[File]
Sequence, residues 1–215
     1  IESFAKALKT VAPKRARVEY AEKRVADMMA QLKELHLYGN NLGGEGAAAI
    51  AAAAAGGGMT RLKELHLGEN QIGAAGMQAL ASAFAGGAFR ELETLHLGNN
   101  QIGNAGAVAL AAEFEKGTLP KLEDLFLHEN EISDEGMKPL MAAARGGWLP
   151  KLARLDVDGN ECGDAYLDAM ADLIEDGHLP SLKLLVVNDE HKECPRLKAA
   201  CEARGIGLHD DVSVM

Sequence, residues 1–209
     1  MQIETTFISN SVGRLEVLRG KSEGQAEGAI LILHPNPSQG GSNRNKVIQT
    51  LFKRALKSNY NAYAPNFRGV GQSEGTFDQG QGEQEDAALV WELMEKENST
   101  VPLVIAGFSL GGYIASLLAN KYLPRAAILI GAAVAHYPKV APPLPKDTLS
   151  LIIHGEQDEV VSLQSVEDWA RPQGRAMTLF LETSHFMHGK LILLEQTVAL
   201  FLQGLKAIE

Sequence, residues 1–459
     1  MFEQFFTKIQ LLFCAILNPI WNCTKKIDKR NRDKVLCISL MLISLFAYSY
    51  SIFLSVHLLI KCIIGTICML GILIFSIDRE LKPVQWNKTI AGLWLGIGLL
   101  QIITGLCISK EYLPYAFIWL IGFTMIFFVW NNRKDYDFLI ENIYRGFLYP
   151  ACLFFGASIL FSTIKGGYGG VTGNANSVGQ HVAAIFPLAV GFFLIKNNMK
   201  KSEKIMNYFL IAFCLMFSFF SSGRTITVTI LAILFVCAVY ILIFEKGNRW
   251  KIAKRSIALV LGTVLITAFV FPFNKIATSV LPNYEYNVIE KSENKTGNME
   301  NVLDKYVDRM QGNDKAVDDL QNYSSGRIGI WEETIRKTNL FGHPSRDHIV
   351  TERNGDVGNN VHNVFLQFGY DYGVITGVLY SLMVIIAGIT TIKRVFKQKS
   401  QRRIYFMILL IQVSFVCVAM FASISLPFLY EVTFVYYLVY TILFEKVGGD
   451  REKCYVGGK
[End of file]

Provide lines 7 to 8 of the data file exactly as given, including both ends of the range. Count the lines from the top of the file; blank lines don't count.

Sequence, residues 1–209
     1  MQIETTFISN SVGRLEVLRG KSEGQAEGAI LILHPNPSQG GSNRNKVIQT